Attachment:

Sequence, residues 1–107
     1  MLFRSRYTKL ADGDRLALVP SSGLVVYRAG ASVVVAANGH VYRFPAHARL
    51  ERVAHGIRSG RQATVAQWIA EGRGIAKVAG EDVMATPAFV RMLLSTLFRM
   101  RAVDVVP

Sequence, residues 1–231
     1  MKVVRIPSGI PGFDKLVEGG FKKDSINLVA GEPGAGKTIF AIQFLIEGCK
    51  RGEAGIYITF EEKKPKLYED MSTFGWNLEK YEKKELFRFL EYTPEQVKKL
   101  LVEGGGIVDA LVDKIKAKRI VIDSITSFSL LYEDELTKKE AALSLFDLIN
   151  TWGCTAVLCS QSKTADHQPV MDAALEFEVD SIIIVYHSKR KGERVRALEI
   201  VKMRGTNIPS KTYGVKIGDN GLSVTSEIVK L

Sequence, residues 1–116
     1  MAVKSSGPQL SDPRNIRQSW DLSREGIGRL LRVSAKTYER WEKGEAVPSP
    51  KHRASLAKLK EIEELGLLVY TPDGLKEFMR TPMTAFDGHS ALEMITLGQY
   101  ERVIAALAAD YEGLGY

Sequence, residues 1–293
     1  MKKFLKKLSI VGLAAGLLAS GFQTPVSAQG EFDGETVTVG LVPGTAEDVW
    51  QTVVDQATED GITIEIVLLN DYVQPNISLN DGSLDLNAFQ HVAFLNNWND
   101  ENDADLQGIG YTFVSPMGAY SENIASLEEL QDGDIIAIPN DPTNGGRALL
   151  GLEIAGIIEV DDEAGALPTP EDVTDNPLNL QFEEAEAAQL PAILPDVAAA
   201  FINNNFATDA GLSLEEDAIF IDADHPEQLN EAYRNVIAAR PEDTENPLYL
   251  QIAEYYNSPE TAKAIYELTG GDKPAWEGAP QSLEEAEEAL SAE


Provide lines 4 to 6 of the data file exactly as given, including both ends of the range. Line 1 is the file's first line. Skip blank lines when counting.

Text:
   101  RAVDVVP

Sequence, residues 1–231
     1  MKVVRIPSGI PGFDKLVEGG FKKDSINLVA GEPGAGKTIF AIQFLIEGCK